Trayvon Martin murder case: next legal steps for George Zimmerman (+video)
Neighborhood watch captain George Zimmerman has been charged with second-degree murder in the killing of black teenager Trayvon Martin. His attorney hopes to free him on bond Thursday while defense and prosecution build the case for trial.
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Formally charged with second-degree murder and taken into custody Wednesday, Mr. Zimmerman and his new attorney first will ask that the suspect be released on bond while prosecution and defense organize evidence for an expected trial. That decision is likely to come Thursday.
But in this highly charged case – the shooting death of an unarmed young black man by a white-Hispanic neighborhood watch captain in a gated community in Sanford, Fla. – the first concern may be for Zimmerman’s safety. There had been threats on his life, and neither special prosecutor Angela Corey nor Zimmerman lawyer Mark O’Mara would say Wednesday where Zimmerman (who turned himself in) is being held.
“There’s been a groundswell of emotion on both sides,” Mr. O’Mara said at a press conference Wednesday evening. “We need to calm this down. If George Zimmerman were walking down the street today, he’d be at risk. We’re hoping to keep him safe.”
The initial response from Trayvon Martin’s parents, civil rights advocates, and local officials expressed the same desire for calm and a safe atmosphere in which to proceed with the legal course of justice.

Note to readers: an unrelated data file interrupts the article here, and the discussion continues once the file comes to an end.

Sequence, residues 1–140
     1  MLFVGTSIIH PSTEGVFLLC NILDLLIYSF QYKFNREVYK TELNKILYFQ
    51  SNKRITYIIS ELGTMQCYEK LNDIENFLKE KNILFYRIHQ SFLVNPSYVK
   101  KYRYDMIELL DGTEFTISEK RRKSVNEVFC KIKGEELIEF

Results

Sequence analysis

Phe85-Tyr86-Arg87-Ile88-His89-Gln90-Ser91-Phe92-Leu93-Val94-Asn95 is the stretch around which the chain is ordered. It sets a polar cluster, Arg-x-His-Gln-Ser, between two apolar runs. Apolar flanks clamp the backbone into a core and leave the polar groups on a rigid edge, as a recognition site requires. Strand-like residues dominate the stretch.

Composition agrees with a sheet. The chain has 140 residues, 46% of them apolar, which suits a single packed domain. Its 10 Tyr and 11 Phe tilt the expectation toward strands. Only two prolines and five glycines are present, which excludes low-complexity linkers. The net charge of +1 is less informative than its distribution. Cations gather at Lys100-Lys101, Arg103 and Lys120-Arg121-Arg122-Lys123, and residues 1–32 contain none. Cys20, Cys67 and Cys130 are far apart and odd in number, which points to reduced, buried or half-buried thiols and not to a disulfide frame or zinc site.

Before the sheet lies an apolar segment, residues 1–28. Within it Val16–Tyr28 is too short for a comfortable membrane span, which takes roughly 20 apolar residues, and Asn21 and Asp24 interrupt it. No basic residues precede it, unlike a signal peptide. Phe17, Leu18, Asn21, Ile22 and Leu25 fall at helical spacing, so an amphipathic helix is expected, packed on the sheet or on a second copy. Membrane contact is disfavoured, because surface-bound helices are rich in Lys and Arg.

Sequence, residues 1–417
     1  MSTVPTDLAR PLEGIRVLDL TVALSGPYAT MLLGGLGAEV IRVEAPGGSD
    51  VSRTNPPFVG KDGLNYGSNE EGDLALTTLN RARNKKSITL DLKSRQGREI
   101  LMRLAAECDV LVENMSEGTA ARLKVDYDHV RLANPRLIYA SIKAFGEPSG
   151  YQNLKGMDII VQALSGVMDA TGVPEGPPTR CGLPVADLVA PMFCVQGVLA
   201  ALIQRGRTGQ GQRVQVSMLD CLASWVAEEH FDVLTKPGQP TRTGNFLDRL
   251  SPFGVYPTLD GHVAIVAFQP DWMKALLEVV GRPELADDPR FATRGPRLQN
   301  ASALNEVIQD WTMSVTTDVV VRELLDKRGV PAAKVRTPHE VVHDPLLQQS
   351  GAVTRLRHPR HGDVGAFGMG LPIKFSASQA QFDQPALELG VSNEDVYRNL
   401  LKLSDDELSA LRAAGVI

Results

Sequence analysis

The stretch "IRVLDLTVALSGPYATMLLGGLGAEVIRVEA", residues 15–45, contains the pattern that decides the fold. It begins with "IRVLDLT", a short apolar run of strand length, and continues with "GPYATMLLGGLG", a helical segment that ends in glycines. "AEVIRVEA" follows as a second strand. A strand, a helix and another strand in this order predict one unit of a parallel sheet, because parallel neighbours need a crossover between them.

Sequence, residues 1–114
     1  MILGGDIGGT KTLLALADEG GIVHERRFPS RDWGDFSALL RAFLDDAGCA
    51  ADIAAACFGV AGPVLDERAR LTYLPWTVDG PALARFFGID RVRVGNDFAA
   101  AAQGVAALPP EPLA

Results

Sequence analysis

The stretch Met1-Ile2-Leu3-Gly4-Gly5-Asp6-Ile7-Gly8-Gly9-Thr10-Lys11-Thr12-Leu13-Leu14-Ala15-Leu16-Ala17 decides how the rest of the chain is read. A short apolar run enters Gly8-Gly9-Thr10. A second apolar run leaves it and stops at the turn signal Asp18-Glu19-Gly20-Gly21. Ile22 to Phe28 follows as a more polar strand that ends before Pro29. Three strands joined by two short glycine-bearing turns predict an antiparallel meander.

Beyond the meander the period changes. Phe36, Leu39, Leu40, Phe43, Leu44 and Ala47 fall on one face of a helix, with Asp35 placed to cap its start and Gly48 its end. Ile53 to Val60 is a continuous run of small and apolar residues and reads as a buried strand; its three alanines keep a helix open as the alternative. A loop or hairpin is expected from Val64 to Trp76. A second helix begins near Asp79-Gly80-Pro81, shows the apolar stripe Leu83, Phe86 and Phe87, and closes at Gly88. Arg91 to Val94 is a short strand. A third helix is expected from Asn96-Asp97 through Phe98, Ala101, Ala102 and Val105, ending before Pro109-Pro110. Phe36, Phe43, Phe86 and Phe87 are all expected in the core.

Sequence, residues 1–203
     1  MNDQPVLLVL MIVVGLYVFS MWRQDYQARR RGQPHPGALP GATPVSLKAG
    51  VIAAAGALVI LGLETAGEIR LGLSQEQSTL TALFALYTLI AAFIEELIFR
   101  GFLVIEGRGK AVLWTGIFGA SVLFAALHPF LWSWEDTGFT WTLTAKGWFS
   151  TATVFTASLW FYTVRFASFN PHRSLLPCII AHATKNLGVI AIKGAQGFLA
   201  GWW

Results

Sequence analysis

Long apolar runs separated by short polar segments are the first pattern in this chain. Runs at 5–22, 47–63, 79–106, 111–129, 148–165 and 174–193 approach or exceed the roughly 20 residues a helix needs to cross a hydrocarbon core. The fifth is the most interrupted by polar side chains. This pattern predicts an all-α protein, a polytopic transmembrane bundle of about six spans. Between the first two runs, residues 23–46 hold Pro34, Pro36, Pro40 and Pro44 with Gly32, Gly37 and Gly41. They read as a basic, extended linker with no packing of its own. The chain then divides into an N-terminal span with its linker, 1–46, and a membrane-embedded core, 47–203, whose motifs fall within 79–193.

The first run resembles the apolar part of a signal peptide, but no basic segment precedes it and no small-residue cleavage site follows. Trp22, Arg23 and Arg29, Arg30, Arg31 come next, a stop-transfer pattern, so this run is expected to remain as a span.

"We simply wanted an arrest," said Sybrina Fulton, Trayvon's mother, at a press conference. "I know beyond a shadow of a doubt, justice will be served.”
Unrest in the community will subside now that Zimmerman has been charged, predicted Shayan Elahi of the Florida Civil Rights Association.
"The arrest is partial closure for Trayvon's family and the community at large," Mr. Elahi told the Sun Sentinel newspaper in Ft. Lauderdale. "It also means that Zimmerman will have his right to due process in court and not in the court of public opinion."
That due process includes the following steps, as outlined by the Miami Herald:
•Zimmerman faces a charge of second-degree murder with a firearm, a first-degree felony punishable by a minimum of 25 years in prison and up to life behind bars.
•Within 15 days, prosecutors must start providing Zimmerman’s defense attorney with “discovery,” the first witness statements, police reports, and photos that will be used as evidence against Zimmerman. Most of the evidence will be released to the public and media, although the substance of any of his confessions can be withheld before trial.
•Once all the evidence has been provided to Zimmerman’s defense team, his lawyer can file a motion for immunity under Florida’s Stand Your Ground self-defense law. A judge must hold an evidentiary hearing and decide by a “preponderance of the evidence” whether Zimmerman was acting in self-defense.